Using text based Ads on Google for a few days, Tim Ferriss collected a few hundred clicks while testing various titles for his then upcoming book. One of the titles he tested was “Selling Drugs for Fun and Profit”, a totally different theme! Luckily, the title “4 Hour Work Week” out performed the other variations by a long shot. The book went on to sell millions of copies and launched the Tim Ferriss brand.  ?TIP: If you need ideas, check out your competition and see what kind of themes they’re using in their marketing. Research every hook, angle and language pattern your competitors are using. This process will undoubtedly turn you into an expert in the marketing used inside your industry.

Writing Your Facebook Ads

Next, you’ll start writing Ads to each of your audiences. A Facebook Ad has 3 primary elements: 
  • Text
  • Image
  • Call to Action (Headline)
Let’s start by writing the “text” portion of your ad. Step 1, start your ad copy by asking a question which your ideal customer will answer YES to. Let’s give it a try: What is your “Yes” question? Step 2, you’re going to give people a reason to take action using the Facebook Sales Letter formula:
  • Here’s what I got
  • Here’s what it will do for you
  • Here’s what I want you to do next
Step 3, have a strong Call to Action (CTA) in your Headline with scarcity.  Having a clear Call to Action is important, but having scarcity in your CTA is even more important. You need to create a short and punchy “Scarcity Statement” which tells your audience why they should take action right now. What is your strong CTA (Scarcity Statement)? Elements of a winning CTA:
  • Is there limited time OR limited quantity?
  • Is there a sense of urgency?
Emphasizing a sense of limited time or limited quantity pushes people to take action (learn more in the resources at the bottom of this guide).

Creating Facebook Ad Images

The next step, is to use an eye catching and attention-grabbing image that POPS!  Facebook says the top 3 images that convert the best are Faces, Food and Animals. So that gives us some ideas. I’ve experimented with 100’s of images and here’s what I’ve found works:
  • Pictures of happy customers
  • Pictures of you speaking on stage
  • Picture of your product or something that represents your product (This can be metaphorical)
  • Arrows or fingers pointing to a specific area of image (Point to product or down towards CTA button)
  • Extremely attractive men and women (I know this is silly but it works)
  • Utilize 20% text in your images (Facebook limits your reach if there’s too much text in your images. Use the amount of text you’re allowed to emphasize your Call to Action)
It should go without saying, your image must be relevant to your product/offer… If you’re selling Real Estate and you just have a picture of a cute dog, it’s probably not going to convert well for you. Elements for a winning image:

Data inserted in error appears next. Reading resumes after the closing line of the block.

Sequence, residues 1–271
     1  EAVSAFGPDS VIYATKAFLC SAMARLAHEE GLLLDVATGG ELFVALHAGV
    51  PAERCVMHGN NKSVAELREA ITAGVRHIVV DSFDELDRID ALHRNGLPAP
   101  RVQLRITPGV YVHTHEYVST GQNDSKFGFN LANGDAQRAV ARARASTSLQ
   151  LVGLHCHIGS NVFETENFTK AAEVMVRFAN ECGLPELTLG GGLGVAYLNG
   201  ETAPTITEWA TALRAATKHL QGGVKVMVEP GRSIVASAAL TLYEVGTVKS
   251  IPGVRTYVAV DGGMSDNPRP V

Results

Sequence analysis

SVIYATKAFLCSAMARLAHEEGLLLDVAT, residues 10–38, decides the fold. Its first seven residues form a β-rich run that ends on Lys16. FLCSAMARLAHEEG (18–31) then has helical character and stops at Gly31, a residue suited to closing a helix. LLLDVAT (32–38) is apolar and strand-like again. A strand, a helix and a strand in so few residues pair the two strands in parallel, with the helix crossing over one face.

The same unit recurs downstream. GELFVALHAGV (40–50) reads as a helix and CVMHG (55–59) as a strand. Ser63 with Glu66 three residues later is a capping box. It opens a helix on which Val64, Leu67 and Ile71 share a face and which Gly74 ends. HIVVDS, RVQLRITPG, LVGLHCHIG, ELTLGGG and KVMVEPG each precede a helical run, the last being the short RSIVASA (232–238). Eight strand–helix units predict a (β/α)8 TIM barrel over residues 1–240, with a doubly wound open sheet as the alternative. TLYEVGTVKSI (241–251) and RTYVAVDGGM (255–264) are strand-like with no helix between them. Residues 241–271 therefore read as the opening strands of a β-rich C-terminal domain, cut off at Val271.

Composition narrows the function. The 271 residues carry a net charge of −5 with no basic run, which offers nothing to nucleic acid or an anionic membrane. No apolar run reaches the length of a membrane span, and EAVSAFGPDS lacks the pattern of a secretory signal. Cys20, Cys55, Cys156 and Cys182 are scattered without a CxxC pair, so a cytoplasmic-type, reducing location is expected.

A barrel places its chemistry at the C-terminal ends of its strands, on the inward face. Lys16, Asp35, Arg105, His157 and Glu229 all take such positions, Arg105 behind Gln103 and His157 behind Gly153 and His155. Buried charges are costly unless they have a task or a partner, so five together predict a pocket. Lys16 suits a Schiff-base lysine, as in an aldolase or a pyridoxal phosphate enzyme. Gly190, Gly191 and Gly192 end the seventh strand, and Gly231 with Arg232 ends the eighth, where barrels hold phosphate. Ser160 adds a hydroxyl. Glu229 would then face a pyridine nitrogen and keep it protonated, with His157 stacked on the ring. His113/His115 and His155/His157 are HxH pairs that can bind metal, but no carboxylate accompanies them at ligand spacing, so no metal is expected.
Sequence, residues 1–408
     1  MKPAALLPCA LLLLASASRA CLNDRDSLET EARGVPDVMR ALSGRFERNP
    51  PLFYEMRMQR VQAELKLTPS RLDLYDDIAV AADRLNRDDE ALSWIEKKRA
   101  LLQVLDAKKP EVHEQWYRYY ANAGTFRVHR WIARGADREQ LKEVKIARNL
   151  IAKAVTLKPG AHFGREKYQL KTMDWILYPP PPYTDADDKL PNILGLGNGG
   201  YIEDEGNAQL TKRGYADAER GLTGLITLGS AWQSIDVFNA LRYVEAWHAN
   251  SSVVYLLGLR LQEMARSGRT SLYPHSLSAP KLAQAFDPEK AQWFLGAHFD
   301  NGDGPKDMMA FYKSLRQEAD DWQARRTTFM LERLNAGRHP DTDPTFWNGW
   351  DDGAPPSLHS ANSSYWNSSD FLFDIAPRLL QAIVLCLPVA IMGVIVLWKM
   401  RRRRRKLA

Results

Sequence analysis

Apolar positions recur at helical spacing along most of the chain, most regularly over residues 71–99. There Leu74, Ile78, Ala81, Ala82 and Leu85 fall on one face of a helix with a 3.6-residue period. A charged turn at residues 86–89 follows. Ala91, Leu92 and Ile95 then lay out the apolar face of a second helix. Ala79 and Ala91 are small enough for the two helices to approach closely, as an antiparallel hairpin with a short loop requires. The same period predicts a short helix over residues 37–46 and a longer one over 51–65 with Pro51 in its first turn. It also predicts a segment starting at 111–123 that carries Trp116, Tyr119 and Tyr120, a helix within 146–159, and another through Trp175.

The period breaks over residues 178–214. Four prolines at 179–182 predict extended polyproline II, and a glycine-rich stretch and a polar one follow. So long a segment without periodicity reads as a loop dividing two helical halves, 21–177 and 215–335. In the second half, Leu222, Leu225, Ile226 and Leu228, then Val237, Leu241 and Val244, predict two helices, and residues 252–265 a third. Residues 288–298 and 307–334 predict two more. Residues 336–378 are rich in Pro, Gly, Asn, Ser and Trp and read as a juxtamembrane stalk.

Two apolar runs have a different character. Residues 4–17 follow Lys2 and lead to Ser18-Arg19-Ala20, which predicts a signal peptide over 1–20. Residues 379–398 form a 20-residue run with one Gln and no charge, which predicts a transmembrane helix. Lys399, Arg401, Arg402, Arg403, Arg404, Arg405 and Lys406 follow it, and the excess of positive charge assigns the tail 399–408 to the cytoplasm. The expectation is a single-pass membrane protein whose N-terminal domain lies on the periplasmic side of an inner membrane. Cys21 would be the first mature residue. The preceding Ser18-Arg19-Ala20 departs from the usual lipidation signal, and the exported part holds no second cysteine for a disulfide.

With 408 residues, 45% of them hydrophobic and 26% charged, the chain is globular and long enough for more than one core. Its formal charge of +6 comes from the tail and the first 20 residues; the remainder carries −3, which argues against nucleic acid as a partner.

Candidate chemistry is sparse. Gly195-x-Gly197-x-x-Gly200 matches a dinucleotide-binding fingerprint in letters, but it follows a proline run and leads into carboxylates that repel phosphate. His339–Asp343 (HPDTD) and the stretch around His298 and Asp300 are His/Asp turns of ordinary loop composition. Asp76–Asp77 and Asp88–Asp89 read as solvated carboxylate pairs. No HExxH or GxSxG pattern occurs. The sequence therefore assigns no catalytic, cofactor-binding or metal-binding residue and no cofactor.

1. Does the image grab attention?
  2. Is the image relevant to your product/offer?
Resources by Facebook: ?TIP: Before I start searching for images I write down what I envision my image is going to look like and then I find it or get it created. It’s okay to use stock images but using your own custom images will typically do better. Here’s a document I use for planning my Facebook Ad creatives before I even log into Facebook Ads Manager.

Creating Facebook Video Ads

If you don’t already have a good video ready to go, I recommend not starting a new campaign with videos. 
  • It’s time consuming to write and produce a video
  • It will slow down the launch of your campaign
  • You may not know which “hook” is going to convert best yet
That being said, I have found testimonial videos work fantastically well every time. So if you have a video ready to go, you can run with a video instead of images. Use the same formula for “Writing Your Facebook Ads” to write an outline for your video and tell your customers story. Tips for producing Facebook Video Ads:
  • Record videos with your phone (Unpolished video Ads work)
  • Record videos with Facebook Live (You can turn Facebook Lives into Ads)
  • Record vertical videos (Vertical videos take up more real estate in the newsfeed)
  • Make eye contact with your camera (Speak as if you’re speaking to one person)
?TIP: Videos are also great for building custom audiences because you can retarget people on Facebook who watch your videos. You can also find your videos attention drop off rate inside your videos analytics which can help you discover what’s keeping attention and where you’re losing attention.

Split Testing Your Facebook Ads

Creating Ads is a creative process that involves a lot of “guesswork” when you’re first getting started. The basis of the Turbo Testing Method is to seek data and test your assumptions so you can optimize your campaigns performance. To optimize Ads and discover specifically what gets your audience to take action, you must create Split Tests.  A Split Test start by creating a “Control”, the Ad that you *think* is going to perform best. Starting with your “Control” (Variant 1) you’re going to test each element of your ad – Text, Image, Call to Action (Headline). Change only one element of your Control for each Variant, example: Variant 2 change only the Text Variant 3 change only the Image Variant 4 change only the Call to Action (Headline). Here’s a chart I use to organize my Ads: Ad #1 – The “Control”
  • Text A
  • Image A
  • Call to action A
Ad #2 – Text test
  • Text B 
  • Image A
  • Call to action A
Ad #3 – Image test
  • Text A 
  • Image B 
  • Call to action A
Ad #4 – CTA test
  • Text A
  • Image A
  • Call to action B
You only want to change one thing at a time so you can learn what works when you run your Ads. For example, if Variant 2 gets more clicks, you’ll know it was because of the change in the “Text” from that ad. Better yet, when one ad performs better than the others, you’ll know WHY. You can use the results of these Ads to continuously improve your cost per click, cost per acquisition, and your ad relevance score. You can repeat the process up to 4 times per Ad Set (using 4 different Themes), so you can end up with a total of 16 Ads per Ad Set. However, if you add more Ads into your Ad Set it will require a higher Ad Budget (see “Your Facebook Ads Budget” below).